Gloucester may have opened Richard III with the famous proclamation 'now is the winter of our discontent', but this winter, the discontent is all mine. The Sydney season of hibernation is well and truly upon us and it usually heralds the highly odious flu season - or in my case, tonsillitis terror. The only thing that was getting me out of my sick bed was the allure of Squabbalogic's fourth Mystery Musical. Last Wednesday the 3rd of August, amongst a flock of fellow fans, I braved the torrential rain with my wholly tangential brain, feverish forehead and aching throat to find that the mystery behind Squabbalogic's success is no real mystery at all.
'Another opening, another show!'
With these first notes, recognition floods the audience as the Cole Porter classic Kiss Me Kate rings out. In case you're not familiar with it, we've got a pair of sparring ex-spouses, Lilli Vanessi and Fred Graham, starring as Catherine and Petruchio in a touring production of The Taming of the Shrew. However something's afoot both on stage and off as mafia, madness and mayhem ensue in this tongue-in-cheek look at love and lust which goes from wunderbar to man-hating and back again - there's never a dull moment.
Whilst the wise Hortensio notes that 'there's small choice in rotten apples', this ensemble is the cream of the Squabbalogic crop. Perhaps it's something in the air, or, more likely, the fact that they are all here for their love of the stage, but the passion was palpable in this production and it made for a truly memorable experience. The cherry on top of this musical sundae were our two leads, Martin Crewes and Courtney Glass, who were nothing short of mesmerising. Courtney Glass was wickedly good as the feisty Lilli and with all her sass and rage intact, we had definitely better beware her sting. However, the crème de le crème of this production was Martin Crewes as Fred Graham with his voice of velvet and movie star mega-watt smile that had every woman in the audience eating out of the palm of his hand.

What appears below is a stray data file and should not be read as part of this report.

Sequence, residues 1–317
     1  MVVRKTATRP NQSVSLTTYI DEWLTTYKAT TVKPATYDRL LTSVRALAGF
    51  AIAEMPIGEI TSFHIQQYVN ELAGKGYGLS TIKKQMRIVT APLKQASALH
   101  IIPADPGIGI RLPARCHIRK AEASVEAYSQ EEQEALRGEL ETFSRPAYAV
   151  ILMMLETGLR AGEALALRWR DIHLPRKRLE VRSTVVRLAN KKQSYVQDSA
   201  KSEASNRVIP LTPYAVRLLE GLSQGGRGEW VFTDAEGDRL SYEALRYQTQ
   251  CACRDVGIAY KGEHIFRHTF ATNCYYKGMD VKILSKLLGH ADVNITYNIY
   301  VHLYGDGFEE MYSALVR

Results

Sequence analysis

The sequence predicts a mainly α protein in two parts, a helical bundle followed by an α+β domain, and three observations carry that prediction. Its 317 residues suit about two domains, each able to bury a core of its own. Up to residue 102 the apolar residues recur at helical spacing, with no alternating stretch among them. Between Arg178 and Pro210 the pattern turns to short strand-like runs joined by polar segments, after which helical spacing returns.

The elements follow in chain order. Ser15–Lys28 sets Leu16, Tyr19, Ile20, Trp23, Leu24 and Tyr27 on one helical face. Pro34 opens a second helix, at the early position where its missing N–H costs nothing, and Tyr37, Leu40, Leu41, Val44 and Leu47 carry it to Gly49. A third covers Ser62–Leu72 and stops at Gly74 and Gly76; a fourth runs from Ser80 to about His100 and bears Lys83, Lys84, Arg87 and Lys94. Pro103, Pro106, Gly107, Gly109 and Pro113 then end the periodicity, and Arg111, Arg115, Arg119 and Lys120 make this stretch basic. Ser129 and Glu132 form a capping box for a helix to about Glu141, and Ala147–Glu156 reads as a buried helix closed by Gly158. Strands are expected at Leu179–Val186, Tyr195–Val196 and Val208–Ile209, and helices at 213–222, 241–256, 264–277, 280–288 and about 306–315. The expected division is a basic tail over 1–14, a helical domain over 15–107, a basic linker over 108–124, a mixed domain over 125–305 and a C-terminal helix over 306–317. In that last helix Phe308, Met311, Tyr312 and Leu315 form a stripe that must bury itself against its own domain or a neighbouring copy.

Not only was this production filled with acting excellence, it was rife with riveting musical numbers. Whilst my personal favourite was predictably sung by the all-too-cool Crewes (a lively 'Where is the life that late I led?'), the dark horse coming in a close second was Brendan Hay as Paul with a sizzling rendition of 'Too Darn Hot'. With killer vocals and jazz hands to rival those of Bob Fosse, this number was a roaring start to the second act and had us all swaying in our seats. On the other hand, the crowd favourite had to sit with our gregarious gangsters and their indefatigable reminder to brush up our Shakespeare. With such enticing songs, is it any wonder we all kowtowed?
Oh, and if all that wasn't impressive enough on its own, did I mention that they only had 15 hours together to rehearse this marvel? The love, professionalism and care the Squabbalogic team and ensemble have put into this production are clear. Yet surely with such little preparation time a few hiccups are to be expected, but these only made the show all the more endearing. Aside from the hilarious ad-libs, the gold medal of these not-even setbacks went to the quick thinking Martin Crewes who sidled over (rather up close and personal) to his leading lady when her microphone was have a momentary malfunction and left the audience in adoring stitches.
All in all, Squabbalogic's Mystery Musical Kiss Me Kate really puts the fun in fundraising. At the end of the day we have to remember that these actors and production team are here simply because they love their craft. If you haven't yet seen a Squabbalogic performance, I implore you to go, to donate, to enjoy. It will be the best theatrical decision you have made in years. Even if you have tonsillitis, I can personally vouch that it will be worth every second.